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Women of the Woods

Updated: Nov 2, 2021

I grew up in the woods. Countless hours spent in solitary silence exploring the town forest behind my home in rural New Hampshire. I brought home all sorts of critters to less than enthusiastic parents. Baby squirrels, hatchlings fallen from a nest, turtles, spotted salamanders, red efts, and the occasional garter snake. Once while biking down our dirt road, I came across a giant green snake. Having never seen a snake like that, I felt compelled to take it home to ID it. So I took off one rubber boot placed the snake inside. I then bike home, one hand on the handlebars, one hand on the boot, shaking the snake back into the boot every time it tried to slither to freedom.

As I grew, my love of nature never faded, but the amount of time I spent in the woods did. When I became a mother, the days of solitary silence in the woods became a thing of the past, replaced with extra loud hiking trips, scraped knees, and lots and lots of layers of clothing to put onto small bodies. My time in the woods became something that was always in the company of small children. I enjoyed sharing with them the wonder and secrets that the woods held. We spent hours bushwhacking trails on the family-owned property. Discovering plants, bugs, small critters, game trails, tracks, and googling "What type of poop is this." Although we usually enjoyed our time in the woods, sometimes the walk would prove to be too far, or the bugs too intense, or some other random ailment befell a child disrupting the peace and tranquility that might have been. Alas, life with kids!

My husband has hunted all his life. He comes from a large family full of men who all love to hunt. They take the opening day off work each year. They come together to help each other drag and butcher. They work together and share lots of laughs after big hunts. Before meeting my husband, I never had the opportunity to be exposed to hunting. Since we had young children, and hunting was my husband and the men in his family’s thing, I never gave it much of a second thought. But standing in the kitchen filled with loveable but loud children, I imagined myself surrounded by trees, the smell of damp earth, and the sounds of nature. It sounded like paradise. I felt a strong dose of envy every time he snuck off to his tree stand while I flipped pancakes and played referee. I began to imagine myself, bow in hand, stalking silently through the trees, out hunting all those men. As our youngest son approached school age, I decided to give hunting a try for nothing else but a moment of peace.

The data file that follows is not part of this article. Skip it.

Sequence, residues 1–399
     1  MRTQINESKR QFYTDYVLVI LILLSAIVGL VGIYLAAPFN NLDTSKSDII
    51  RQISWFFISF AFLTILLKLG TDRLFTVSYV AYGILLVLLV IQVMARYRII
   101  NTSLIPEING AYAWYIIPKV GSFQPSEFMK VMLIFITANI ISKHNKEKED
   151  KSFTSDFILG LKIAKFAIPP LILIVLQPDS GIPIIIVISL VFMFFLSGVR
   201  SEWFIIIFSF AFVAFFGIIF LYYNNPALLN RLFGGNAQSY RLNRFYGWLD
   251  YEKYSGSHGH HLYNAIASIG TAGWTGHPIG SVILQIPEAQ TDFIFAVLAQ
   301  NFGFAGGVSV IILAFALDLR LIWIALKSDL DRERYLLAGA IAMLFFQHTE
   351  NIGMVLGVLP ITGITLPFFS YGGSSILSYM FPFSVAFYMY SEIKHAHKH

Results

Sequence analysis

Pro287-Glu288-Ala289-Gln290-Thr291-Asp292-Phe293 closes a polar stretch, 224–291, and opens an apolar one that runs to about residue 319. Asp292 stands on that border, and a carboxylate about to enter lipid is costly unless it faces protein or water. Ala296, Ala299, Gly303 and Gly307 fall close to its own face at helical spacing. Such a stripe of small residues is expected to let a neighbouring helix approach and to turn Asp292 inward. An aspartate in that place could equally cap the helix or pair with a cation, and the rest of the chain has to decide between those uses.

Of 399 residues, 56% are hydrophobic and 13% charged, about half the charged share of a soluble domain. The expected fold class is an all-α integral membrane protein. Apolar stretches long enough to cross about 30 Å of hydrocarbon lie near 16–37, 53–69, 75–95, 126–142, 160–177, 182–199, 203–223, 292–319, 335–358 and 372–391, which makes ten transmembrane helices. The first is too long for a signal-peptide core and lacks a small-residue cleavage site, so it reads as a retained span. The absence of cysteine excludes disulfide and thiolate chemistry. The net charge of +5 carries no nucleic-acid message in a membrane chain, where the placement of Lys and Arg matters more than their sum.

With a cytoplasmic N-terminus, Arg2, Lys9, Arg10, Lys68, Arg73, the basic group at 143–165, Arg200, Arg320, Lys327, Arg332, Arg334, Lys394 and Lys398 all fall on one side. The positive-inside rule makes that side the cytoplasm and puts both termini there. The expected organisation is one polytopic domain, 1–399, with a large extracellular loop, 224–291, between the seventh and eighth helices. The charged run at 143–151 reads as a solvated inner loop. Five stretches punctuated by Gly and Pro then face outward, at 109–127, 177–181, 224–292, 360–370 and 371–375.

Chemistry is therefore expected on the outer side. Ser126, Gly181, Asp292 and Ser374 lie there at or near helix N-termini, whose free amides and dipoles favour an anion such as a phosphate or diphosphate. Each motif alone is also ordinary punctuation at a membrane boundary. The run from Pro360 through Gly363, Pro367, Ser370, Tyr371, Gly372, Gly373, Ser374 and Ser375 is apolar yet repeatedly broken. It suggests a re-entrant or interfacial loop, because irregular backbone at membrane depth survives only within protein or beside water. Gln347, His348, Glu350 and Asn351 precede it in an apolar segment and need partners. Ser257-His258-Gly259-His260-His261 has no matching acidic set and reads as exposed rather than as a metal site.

I got my apprentice license, borrowed our oldest son's rifle (my bow hunting dreams would have to wait until I was more practiced), and went out with my husband to a double tree stand on what we call "The Big Swamp" half a dozen times. This particular stand hangs in a cove of the swamp that never sees the sun. As a result, it is always cold in that stand. Not just normal cold either, cold, cold. Bless his heart, my husband listened and answered all 782 questions about deer habits and deciphering squirrel noises. He listened to me scold him for walking too loudly. He followed my inexperienced lead through thick whips and low-hanging branches. He manned the grunt call and gently corrected my rookie mistakes. It was fun spending time in the woods with my husband, but not exactly the picture of serenity I had imagined. After our last trip to The Big Swamp that season, I still wasn't quite sure if I would enjoy hunting or not. We hadn't seen a single deer during trips together, and I froze every time we sat in that double stand.